J. L. BELL is a Massachusetts writer who specializes in (among other things) the start of the American Revolution in and around Boston. He is particularly interested in the experiences of children in 1765-75. He has published scholarly papers and popular articles for both children and adults. He was consultant for an episode of History Detectives, and contributed to a display at Minute Man National Historic Park.

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Thursday, November 06, 2014

“True Yankees” Talk in Salem, 6 Nov.

Tonight, 6 November, the Salem Maritime National Historic Site is hosting a talk by Prof. Dane A. Morrison on his new book, True Yankees: The South Seas and the Discovery of American Identity.

The publisher’s description of the book says:
With American independence came the freedom to sail anywhere in the world under a new flag. During the years between the Treaty of Paris [1783] and the Treaty of Wangxi [1844], Americans first voyaged past the Cape of Good Hope, reaching the ports of Algiers and the bazaars of Arabia, the markets of India and the beaches of Sumatra, the villages of Cochin, China, and the factories of Canton. Their South Seas voyages of commerce and discovery introduced the infant nation to the world and the world to what the Chinese, Turks, and others dubbed the “new people.”

Drawing on private journals, letters, ships’ logs, memoirs, and newspaper accounts, True Yankees traces America’s earliest encounters on a global stage through the exhilarating experiences of five Yankee seafarers. Merchant Samuel Shaw spent a decade scouring the marts of China and India for goods that would captivate the imaginations of his countrymen. Mariner Amasa Delano [1763-1823] toured much of the Pacific hunting seals. Explorer Edmund Fanning [1769-1841] circumnavigated the globe, touching at various Pacific and Indian Ocean ports of call. . . .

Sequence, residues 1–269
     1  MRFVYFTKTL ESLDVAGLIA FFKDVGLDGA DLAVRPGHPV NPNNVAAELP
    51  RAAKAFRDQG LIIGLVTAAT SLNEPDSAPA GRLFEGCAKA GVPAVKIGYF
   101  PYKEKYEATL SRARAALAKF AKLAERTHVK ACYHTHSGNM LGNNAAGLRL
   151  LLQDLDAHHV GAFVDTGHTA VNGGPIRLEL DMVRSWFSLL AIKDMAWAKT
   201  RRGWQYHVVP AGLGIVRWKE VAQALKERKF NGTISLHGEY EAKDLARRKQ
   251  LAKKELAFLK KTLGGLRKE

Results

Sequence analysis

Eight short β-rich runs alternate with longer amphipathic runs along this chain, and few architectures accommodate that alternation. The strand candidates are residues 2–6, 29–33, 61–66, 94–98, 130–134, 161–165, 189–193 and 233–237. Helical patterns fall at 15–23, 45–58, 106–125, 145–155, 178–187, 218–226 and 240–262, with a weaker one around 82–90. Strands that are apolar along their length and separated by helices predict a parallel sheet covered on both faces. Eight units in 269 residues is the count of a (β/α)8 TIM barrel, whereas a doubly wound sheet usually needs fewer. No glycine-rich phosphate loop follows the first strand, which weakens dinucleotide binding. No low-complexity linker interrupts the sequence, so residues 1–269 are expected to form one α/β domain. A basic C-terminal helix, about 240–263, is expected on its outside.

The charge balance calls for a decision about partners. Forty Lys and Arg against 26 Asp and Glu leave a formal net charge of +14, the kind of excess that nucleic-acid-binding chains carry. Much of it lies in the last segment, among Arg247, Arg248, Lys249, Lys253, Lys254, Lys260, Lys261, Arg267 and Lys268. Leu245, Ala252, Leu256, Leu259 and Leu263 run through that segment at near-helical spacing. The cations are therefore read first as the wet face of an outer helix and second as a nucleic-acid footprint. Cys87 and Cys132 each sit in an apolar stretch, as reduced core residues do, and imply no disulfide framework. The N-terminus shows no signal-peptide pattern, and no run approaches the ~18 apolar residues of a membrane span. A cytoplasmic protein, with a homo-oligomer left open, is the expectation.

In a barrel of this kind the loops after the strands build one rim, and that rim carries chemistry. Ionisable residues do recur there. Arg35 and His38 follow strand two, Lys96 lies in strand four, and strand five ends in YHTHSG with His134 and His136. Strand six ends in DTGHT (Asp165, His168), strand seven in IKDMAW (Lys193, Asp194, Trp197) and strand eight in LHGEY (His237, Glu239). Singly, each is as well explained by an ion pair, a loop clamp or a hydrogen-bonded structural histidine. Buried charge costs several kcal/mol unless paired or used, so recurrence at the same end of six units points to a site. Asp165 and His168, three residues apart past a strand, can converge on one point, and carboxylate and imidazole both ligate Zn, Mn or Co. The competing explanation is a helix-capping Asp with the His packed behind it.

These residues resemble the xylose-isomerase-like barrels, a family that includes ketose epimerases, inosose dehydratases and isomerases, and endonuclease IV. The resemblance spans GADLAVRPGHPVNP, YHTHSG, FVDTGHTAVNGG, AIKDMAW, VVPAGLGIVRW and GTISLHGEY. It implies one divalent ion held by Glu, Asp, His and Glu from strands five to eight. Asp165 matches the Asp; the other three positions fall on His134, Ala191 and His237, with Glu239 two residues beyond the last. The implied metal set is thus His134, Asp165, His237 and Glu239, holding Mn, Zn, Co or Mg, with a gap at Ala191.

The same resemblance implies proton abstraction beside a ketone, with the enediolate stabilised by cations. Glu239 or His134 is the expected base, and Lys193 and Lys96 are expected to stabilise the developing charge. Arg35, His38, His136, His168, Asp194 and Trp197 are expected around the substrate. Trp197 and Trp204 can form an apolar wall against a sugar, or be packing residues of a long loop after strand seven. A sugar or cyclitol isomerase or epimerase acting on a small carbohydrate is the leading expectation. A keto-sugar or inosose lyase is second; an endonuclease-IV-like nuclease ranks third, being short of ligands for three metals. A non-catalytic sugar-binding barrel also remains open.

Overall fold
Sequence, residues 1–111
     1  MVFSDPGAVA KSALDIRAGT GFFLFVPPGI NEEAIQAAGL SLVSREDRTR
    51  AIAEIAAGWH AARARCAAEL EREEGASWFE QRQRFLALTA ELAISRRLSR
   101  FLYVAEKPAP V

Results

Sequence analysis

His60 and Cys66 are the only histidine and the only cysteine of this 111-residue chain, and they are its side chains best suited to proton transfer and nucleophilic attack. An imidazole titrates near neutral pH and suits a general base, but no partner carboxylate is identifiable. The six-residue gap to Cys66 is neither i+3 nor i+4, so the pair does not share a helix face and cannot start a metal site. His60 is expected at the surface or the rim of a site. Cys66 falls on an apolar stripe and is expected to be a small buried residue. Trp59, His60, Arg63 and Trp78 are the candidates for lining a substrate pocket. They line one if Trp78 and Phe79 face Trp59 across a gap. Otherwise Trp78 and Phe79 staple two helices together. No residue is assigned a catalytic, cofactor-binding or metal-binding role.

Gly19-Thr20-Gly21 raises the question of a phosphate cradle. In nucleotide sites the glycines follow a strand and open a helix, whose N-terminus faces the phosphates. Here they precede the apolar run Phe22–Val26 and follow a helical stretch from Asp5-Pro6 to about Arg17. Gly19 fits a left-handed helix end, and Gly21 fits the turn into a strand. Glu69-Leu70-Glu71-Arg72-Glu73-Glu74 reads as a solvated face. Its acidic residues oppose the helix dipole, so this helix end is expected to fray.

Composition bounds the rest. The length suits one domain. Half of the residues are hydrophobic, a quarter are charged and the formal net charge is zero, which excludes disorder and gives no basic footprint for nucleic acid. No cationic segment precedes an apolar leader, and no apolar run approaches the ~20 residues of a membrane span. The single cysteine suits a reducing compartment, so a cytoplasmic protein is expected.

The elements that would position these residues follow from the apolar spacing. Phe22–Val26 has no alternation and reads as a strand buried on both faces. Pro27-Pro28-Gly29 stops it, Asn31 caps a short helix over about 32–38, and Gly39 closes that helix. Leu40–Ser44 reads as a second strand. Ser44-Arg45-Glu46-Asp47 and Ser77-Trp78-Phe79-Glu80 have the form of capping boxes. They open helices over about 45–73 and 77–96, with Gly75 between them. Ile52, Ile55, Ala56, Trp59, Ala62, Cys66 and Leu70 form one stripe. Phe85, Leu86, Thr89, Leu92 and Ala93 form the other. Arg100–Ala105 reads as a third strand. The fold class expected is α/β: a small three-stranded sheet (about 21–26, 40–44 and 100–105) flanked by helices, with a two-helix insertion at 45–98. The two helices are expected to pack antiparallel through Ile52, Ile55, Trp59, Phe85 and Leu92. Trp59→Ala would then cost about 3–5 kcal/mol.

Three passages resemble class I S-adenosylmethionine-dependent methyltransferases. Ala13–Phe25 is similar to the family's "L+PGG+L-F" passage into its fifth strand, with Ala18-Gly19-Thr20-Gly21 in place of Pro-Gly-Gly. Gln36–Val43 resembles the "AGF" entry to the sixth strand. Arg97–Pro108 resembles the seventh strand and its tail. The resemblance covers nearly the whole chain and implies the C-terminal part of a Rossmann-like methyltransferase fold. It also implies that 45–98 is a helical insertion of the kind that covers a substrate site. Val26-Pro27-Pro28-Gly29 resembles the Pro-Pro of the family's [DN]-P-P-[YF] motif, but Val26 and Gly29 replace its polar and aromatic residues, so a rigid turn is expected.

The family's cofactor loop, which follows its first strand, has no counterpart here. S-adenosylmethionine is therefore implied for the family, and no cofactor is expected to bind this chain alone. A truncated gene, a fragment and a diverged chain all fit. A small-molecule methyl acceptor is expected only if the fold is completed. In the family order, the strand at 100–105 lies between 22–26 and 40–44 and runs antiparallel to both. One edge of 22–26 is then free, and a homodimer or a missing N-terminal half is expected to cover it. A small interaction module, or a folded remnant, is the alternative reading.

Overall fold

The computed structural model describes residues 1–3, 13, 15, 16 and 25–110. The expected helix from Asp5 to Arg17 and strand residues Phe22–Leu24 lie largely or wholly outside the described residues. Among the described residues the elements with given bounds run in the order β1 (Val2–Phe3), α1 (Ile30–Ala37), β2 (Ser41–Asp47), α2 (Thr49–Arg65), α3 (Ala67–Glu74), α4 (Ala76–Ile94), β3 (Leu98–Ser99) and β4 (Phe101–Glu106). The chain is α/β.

How did these bold voyagers approach and do business with the people in the region, whose physical appearance, practices, and culture seemed so strange? And how did native men and women—not to mention the European traders who were in direct competition with the Americans—regard these upstarts who had fought off British rule? The accounts of these adventurous travelers reveal how they and hundreds of other mariners and expatriates influenced the ways in which Americans defined themselves, thereby creating a genuinely brash national character—the “true Yankee.”
Morrison’s talk starts at 7:30 P.M. at the Salem Visitor Center at 2 New Liberty Street. A book signing will follow. It’s free and open to the public, though seating is limited.

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